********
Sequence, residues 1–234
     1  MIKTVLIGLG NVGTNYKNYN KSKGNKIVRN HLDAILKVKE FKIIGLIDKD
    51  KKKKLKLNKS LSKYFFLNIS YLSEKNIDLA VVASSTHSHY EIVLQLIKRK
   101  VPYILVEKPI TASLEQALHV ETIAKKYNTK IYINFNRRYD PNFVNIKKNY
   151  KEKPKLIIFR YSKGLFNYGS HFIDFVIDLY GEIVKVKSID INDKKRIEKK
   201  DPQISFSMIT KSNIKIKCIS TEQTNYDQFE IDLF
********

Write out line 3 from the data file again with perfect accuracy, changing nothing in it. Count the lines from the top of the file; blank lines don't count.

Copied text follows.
    51  KKKKLKLNKS LSKYFFLNIS YLSEKNIDLA VVASSTHSHY EIVLQLIKRK